One of the many problems with Excel spreadsheets is that it's hard to figure out what the model does.  Yes, you can look at the formula in a cell and figure out what is happening in that cell, but it's non-trivial to look at a collection of cells and see what's going on.  One of the drivers for making Visi a literate language is to increase certain verbosity... help the modeler tell a story where the model is only a small part of the story.  I think having a separation between sources, sinks, and logic is an important part of telling the story.  You can look at the business logic in isolation and better understand what the actual model does.

I agree plus I think the literate approach will in itself lead to clearer expression. I'm just worried that when people play/bootstrap their first concern is what can I do, then practically oh that didnt work, where was it ok up to? Not how can I express myself. Realistically I'm no literary author, I'm just this guy trying to get stuff done. Perceived constraints alienate people unless they can TOTALLY see the advantage and then of course there is a mental reboxing to it being common sense.

I'd have thought there was room for both approaches with good examples (as you have) leading good practice.

IMHO
1) the model is only part of the story (good practice - led/driven by example)
2) Sources, sinks and logic should be seperated (good practice - led/driven by example)
3) Don't mandate these (though maybe seperate out sources) (reduce tension: human factors/reduce imposed constraints/reduce imposed language constraints perhaps)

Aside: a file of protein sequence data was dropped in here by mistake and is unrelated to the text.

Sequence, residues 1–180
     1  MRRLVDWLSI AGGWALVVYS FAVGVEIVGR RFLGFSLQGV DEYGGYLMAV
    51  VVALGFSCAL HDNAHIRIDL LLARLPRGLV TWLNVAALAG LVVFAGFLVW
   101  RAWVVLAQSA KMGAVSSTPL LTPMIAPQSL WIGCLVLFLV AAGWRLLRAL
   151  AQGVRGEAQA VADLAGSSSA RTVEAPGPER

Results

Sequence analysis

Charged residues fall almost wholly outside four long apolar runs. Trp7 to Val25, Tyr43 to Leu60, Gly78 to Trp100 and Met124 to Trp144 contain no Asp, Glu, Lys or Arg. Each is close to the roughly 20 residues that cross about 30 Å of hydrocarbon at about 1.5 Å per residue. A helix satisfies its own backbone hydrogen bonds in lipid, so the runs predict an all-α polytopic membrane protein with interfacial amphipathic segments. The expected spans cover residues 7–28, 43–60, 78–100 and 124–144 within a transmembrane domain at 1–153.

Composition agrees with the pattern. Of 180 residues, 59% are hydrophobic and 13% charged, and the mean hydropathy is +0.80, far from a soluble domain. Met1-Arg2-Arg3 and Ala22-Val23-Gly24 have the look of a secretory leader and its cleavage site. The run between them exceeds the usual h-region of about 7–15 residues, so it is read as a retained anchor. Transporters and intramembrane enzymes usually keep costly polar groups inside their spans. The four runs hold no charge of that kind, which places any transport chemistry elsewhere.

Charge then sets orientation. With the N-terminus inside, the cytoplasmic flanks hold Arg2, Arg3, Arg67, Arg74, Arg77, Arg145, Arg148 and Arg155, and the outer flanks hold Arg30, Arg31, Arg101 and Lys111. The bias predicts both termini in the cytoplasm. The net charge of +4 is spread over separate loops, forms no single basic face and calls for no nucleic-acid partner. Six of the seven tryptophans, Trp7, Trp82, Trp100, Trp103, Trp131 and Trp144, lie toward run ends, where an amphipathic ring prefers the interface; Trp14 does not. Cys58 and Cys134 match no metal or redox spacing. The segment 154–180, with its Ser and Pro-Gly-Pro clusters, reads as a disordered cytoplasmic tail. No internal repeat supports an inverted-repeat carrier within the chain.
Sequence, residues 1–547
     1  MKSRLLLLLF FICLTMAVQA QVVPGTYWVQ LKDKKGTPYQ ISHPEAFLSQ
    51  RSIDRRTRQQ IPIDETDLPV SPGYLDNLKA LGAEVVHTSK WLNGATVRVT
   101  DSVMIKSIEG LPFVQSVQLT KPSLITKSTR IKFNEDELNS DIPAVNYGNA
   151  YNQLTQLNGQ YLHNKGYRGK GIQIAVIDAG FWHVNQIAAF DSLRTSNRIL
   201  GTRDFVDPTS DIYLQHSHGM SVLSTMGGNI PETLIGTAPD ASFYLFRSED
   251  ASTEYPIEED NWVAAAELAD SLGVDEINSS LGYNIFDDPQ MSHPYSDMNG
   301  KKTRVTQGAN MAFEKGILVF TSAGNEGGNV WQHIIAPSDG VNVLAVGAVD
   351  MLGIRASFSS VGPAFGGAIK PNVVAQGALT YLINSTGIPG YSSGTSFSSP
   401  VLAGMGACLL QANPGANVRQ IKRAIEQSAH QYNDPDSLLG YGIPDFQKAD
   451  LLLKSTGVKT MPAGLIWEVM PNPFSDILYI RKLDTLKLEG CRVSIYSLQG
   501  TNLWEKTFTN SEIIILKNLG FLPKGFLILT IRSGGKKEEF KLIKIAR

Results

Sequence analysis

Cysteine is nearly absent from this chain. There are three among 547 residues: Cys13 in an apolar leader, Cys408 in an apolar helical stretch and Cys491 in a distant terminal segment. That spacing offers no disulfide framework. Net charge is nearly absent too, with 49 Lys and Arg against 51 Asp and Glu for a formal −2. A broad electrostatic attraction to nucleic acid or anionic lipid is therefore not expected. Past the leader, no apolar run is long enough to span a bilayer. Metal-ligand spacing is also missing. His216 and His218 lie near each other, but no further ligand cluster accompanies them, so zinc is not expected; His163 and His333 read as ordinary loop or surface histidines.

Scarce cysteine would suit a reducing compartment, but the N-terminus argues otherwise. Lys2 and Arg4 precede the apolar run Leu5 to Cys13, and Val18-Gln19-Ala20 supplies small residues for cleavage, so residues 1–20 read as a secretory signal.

With all that being said, I like your ideas and I super-like that you put your ideas out in the Visi forum.  I'd love to hear from others.  I may be totally off-base with my perspective and having lots of people weigh in early allows us to make the best decisions going forward.  The only thing I ask is that you take off your "I'm a good programmer" hat (if you're coding in Scala or Haskell or OCaml or Java or Ruby then you wear that hat) and put on the "I want to computer to be an appliance and I want it to be simple now and simple when I go back to it in 6 months" hat.  Those two hats are different, although they can be served by similar technology (e.g., a powerful type system) but in different ways (e.g., type error messages that recommend an action rather than telling you why the types didn't resolve.)

</programmer_hat><architect>
 
 

DPP love Lift, love the visi idea. I can see parrallels between this
and a sysem I worked on a while back where the background was optimal
data distribution across a network of widely distributed machines. I
can totally see the spreadsheet metaphor.

Please be gentle oh great and wonderful BDFL and other interested
parties; I'm new to this, I've probably missed something and I still
want to feel brave enough to ask even more taxing questions.

Looking forward to your questions and further dialog! 


--
Visi.Pro, Cloud Computing for the Rest of Us http://visi.pro
Lift, the simply functional web framework http://liftweb.net



I thought I'd bring this aspect out of line to avoid breaking the flow

DPP: "it's not legal to have an expression that references a sink"
 
However, if as said above the following becomes allowed


    "subtotal" = taxable + nonTaxable

Won't this cause the above constraint to be broken because the base example also reads


    total = subtotal + tax

Maybe?
  • revert "subtotal" to just a variable.
  • remove the constraint: expression can't refer to sink
  • reinterpret sink to mean modifier: expose (for output)
  • or other options ...?

Maybe there is an encompassing concern: when is a sink? not a sink? (when its a source!) (intentional bad language pun) :-)

Time for a parallel less language focused thread me thinks!